Reference : The impact of inhibition capacities on number-space associations
Scientific congresses, symposiums and conference proceedings : Poster
Social & behavioral sciences, psychology : Theoretical & cognitive psychology
http://hdl.handle.net/10993/14003
The impact of inhibition capacities on number-space associations
English
Hoffmann, Danielle mailto [University of Luxembourg > Faculty of Language and Literature, Humanities, Arts and Education (FLSHASE) > Educational Measurement and Applied Cognitive Science (EMACS) >]
Pigat, Delia []
Schiltz, Christine mailto [University of Luxembourg > Faculty of Language and Literature, Humanities, Arts and Education (FLSHASE) > Educational Measurement and Applied Cognitive Science (EMACS) >]
1-Mar-2013
Yes
International
5th Expert Meeting on Mathematical Thinking and Learning
01-03-2013
University of Luxembourg
Walferdange
Luxembourg
[en] Numerical and spatial representations are tightly linked (for a review see de Hevia et al., 2008). One specific instance of this link is the finding that when doing a binary classification judgment on single Arabic digits, participants are faster to respond with their left/right hand to small/large numbers respectively. This observation has first been described by Dehaene and colleagues in the early 1990’s (Dehaene et al., 1993) and termed the SNARC effect (Spatial Numerical Association of Response Codes). Celebrating its 20th anniversary this year, the SNARC effect has been extensively replicated (for a meta-analysis see Wood et al., 2008) but one of its characteristics remains its high inter-individual variability (Wood et al., 2006a; 2006b). The source of this variability can partly be ascribed to differences in mathematical proficiency (Hoffmann et al., submitted) but a more domain general hypothesis implicating general inhibition capacities warrants further investigation. For the present study a total of 77 participants have been evaluated with a SNARC paradigm as well as standard inhibition tests (Stroop, Incompatibility subtest of the TAP test). Results show that when age-appropriate inhibition tests are used, inhibition capacities are strongly correlated with the SNARC effect, in the way that very efficient inhibition capacities lead to weaker SNARC effects. Consequently this finding could at least partly explain the impact of arithmetical proficiency on the SNARC effect. A study combining both measures would be an appropriate next step.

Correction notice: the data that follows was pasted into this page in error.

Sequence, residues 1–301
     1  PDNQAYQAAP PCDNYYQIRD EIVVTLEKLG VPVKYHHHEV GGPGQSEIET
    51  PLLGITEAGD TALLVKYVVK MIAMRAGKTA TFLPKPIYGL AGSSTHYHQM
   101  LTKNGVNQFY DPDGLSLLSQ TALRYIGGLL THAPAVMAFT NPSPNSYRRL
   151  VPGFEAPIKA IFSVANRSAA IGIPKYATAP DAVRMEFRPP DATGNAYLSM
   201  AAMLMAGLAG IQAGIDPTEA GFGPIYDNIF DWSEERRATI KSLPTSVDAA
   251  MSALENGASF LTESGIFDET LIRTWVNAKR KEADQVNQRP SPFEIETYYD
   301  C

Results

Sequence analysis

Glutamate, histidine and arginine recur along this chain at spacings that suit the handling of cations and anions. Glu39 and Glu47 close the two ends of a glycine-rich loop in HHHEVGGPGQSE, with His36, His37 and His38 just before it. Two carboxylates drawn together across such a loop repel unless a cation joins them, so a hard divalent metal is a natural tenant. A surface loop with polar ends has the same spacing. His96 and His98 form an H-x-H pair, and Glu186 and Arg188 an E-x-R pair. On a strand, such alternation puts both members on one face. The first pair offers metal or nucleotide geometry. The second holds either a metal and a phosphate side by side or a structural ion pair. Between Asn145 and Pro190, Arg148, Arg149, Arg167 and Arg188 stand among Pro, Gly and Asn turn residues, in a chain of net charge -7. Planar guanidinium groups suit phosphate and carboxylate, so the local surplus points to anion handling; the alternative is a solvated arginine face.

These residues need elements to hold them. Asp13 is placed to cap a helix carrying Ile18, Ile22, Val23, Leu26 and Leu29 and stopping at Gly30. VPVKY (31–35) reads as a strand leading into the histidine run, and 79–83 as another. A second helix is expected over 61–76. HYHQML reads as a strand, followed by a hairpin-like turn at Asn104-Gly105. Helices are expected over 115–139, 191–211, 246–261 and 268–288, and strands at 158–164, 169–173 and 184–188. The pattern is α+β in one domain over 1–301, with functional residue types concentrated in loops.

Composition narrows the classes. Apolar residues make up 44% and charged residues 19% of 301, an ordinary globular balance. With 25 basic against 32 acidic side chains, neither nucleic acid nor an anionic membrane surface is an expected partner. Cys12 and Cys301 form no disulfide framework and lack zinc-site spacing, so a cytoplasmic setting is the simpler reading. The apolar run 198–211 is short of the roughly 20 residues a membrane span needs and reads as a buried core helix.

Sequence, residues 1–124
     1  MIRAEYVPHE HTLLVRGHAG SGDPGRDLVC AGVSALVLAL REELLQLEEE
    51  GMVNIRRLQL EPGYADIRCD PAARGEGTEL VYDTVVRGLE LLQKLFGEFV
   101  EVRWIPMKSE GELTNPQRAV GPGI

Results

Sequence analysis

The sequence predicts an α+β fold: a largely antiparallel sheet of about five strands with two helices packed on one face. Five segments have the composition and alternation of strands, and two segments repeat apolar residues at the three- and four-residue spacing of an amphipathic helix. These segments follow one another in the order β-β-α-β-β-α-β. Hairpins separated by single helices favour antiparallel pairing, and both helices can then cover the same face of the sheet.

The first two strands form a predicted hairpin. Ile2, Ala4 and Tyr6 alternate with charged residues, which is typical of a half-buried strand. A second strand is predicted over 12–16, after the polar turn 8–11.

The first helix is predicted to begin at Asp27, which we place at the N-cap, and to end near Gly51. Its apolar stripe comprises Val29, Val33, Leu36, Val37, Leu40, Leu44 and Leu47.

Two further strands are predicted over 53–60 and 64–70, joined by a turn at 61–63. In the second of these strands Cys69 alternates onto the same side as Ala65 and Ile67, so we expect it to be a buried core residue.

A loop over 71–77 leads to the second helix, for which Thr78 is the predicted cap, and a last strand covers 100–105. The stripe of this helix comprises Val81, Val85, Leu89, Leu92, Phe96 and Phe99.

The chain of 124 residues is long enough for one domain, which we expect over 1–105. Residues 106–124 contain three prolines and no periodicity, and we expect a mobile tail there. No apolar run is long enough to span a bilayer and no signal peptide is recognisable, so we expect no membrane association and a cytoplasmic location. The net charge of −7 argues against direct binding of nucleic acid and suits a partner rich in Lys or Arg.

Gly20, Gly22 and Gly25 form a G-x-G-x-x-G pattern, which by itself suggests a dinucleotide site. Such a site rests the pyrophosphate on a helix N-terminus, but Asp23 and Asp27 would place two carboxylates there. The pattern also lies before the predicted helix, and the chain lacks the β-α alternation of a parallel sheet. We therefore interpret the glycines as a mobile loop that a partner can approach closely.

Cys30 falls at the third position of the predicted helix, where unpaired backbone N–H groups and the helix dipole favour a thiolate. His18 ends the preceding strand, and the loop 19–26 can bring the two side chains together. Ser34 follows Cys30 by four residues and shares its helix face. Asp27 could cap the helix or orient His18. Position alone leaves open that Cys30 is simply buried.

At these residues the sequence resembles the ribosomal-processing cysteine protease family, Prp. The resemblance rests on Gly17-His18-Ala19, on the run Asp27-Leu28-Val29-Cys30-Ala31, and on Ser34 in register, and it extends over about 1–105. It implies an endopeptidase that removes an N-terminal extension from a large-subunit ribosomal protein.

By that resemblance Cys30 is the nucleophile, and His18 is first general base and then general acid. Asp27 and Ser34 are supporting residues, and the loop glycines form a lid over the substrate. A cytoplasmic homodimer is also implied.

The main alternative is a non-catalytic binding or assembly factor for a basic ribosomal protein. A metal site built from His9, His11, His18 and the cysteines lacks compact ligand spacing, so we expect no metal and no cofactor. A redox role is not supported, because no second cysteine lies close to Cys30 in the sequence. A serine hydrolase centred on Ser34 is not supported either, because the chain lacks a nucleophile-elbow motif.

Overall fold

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http://hdl.handle.net/10993/14003

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